- The Washington Times - Sunday, March 23, 2008


The smothering defense of the Georgetown basketball team meets the shooting technician known as Stephen Curry in the second round of the NCAA tournament at RBC Center today.

That intriguing subplot promises to captivate the adherents of both programs, one accustomed to being in the national spotlight and the other coming off its first win in the NCAA tournament since 1969, when coach Lefty Driesell led Davidson to a regional final.

Curry is the wisp of a shooting guard who was ignored by all the programs in the major conferences, despite the good genes of his father, Dell, who spent 16 seasons in the NBA.

Curry’s 40-point gem against Gonzaga — a sort of national coming-out party for the sophomore — stimulated the anxiety of Hoyas coach John Thompson III.

“What strikes me about him is what strikes everybody,” Thompson III said after the Hoyas defeated Maryland-Baltimore County in the first round of the NCAA tournament. “He can shoot the cover off the ball, and he has teammates who are not threatened by that. They set screens for him and get him the ball.”

Wildcats coach Bob McKillop has built the team’s offense around Curry, an atypical approach in the egalitarian-minded culture of college basketball.

Bob McKillop has put him on a stage to be successful, and I don’t think any other school could have done that,” Curry’s father said.

It is an approach that has lifted the 1,700-student liberal arts institution out of obscurity.

McKillop said his was an easy decision after he first evaluated Curry’s individual workouts in his freshman season.

“I said in our alumni gatherings that this is someone special,” McKillop said. “He has an uncanny ability to get the ball released. He has a great ability to get open, and he has teammates who are willing to get him open. You do not see that in the stat sheet. You do not see how many screens have been set. He is one of a kind when it comes to using screens and getting off shots.”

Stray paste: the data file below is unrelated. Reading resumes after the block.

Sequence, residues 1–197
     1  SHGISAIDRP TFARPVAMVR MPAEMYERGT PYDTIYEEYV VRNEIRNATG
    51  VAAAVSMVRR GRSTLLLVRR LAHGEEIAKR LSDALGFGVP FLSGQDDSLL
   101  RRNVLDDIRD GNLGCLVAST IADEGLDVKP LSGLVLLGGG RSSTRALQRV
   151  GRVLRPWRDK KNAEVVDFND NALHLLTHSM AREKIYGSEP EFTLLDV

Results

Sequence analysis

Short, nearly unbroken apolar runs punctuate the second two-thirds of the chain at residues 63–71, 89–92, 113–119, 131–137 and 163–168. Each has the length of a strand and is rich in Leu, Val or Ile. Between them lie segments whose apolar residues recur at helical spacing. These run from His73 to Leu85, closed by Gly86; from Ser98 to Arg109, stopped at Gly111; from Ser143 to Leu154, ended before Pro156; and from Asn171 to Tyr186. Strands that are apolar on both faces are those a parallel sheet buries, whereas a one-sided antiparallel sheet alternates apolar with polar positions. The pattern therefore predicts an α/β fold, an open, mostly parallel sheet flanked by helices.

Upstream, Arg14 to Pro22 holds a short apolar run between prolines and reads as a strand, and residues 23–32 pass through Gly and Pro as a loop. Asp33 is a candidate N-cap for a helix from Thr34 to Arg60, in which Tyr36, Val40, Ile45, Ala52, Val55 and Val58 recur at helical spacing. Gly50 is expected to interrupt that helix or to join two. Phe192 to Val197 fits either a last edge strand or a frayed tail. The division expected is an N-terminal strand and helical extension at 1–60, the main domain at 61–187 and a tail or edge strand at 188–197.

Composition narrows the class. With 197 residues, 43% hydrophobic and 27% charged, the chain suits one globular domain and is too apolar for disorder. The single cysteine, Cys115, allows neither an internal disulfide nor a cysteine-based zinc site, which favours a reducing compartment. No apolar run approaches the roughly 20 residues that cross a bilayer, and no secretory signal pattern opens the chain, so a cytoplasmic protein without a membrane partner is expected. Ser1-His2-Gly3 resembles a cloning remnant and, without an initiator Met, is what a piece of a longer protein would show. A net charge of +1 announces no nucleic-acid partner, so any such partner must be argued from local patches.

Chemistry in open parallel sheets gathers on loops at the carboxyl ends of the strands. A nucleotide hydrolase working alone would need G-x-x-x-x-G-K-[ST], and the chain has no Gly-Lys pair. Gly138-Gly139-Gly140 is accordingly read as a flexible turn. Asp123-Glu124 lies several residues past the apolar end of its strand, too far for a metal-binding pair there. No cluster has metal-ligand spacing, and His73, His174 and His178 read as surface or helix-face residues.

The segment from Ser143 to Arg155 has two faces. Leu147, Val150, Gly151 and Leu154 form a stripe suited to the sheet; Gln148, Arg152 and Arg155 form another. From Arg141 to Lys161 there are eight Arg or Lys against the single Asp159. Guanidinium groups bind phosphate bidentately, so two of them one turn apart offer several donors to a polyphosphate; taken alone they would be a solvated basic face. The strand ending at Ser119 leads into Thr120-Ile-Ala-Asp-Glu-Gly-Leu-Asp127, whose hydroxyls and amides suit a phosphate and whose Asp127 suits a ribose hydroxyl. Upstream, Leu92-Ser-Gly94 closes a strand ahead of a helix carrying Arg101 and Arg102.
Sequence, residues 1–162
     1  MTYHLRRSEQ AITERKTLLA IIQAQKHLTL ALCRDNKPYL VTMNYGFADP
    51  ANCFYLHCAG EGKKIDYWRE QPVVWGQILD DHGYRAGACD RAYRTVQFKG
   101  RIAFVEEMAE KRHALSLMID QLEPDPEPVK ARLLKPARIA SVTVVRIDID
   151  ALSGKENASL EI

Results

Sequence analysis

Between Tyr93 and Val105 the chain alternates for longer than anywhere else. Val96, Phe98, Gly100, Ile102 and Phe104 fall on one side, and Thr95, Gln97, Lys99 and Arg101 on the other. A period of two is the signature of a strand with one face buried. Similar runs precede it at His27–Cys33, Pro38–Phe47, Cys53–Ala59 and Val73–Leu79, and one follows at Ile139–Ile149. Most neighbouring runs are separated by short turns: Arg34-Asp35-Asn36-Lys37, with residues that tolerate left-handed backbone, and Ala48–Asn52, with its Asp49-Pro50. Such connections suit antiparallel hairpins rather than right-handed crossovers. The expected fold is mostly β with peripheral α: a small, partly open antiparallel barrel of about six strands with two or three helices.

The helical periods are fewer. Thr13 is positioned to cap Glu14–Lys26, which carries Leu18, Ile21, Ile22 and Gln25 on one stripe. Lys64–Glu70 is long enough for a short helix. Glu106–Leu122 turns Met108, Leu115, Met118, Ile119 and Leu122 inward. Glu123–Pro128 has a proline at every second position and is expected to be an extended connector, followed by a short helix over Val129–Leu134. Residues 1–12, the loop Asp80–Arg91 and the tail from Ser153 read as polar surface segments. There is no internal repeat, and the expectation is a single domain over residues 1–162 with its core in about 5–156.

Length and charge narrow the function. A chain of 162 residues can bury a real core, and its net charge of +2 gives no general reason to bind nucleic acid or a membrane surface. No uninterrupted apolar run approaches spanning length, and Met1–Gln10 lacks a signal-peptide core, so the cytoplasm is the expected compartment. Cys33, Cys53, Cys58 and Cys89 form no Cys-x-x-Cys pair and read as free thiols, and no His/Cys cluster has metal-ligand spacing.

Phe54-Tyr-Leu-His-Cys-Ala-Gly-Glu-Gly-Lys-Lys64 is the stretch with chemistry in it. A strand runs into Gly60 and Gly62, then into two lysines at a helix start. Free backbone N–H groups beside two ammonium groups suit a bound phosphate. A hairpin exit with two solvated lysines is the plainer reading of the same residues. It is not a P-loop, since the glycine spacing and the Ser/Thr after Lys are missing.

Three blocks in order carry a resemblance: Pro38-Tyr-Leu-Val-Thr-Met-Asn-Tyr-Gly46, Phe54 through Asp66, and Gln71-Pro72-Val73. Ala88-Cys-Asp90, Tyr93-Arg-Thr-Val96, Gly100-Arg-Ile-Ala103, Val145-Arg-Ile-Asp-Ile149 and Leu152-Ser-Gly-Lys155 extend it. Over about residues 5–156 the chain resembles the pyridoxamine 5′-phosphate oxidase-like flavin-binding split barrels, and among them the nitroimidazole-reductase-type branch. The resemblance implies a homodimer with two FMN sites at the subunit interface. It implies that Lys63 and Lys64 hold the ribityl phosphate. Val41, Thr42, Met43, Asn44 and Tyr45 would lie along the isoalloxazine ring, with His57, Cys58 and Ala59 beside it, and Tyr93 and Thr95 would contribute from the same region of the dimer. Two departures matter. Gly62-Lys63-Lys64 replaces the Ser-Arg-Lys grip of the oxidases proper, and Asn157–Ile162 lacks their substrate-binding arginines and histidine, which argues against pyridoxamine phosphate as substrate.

That point undoubtedly was stressed by Thompson III and his assistants on their day between games.

Beat Curry to the spots on the floor off the screens, limit his open looks and a trip to the Sweet 16 will be yours. Allow him too much space — he does not need much — and you are liable to end up with an abbreviated appearance in the NCAA tournament.

The Wildcats, playing 160 miles from their campus and the underdog, will be the crowd favorite.

The crowd and Curry are the principal challenges before the Hoyas, who have limited opponents to a .366 shooting percentage, the best in the nation.

Gonzaga tried a variety of defensive tactics against Curry — a man-to-man, a 3-2 zone and a diamond-and-one — and none worked.

Gonzaga guard Steven Gray was entrusted with defending Curry much of the game and found it frustrating.

“I don’t know if I’ve ever been run off that many screens in trying to defend someone,” he said. “And he knows how to use them. He’s very knowledgeable in that way.”

The Hoyas have the proper mix of size and athleticism to stymie the efficiency of Curry, who shoots 49.1 percent from the field, 45.0 percent from the 3-point line and 88.7 percent from the free throw line.

And his 25.5 scoring average is not merely the product of playing in the Southern Conference. He scored 24 points in a four-point loss to North Carolina, 20 points in a six-point loss to Duke and 29 points in a one-point loss to N.C. State this season. UCLA held him to 6-for-19 shooting and 15 points in its 75-63 victory in December.

“He’s one of the more special players in the tournament,” Thompson III said.

Special enough to send a team home if it fails to stay in his face.

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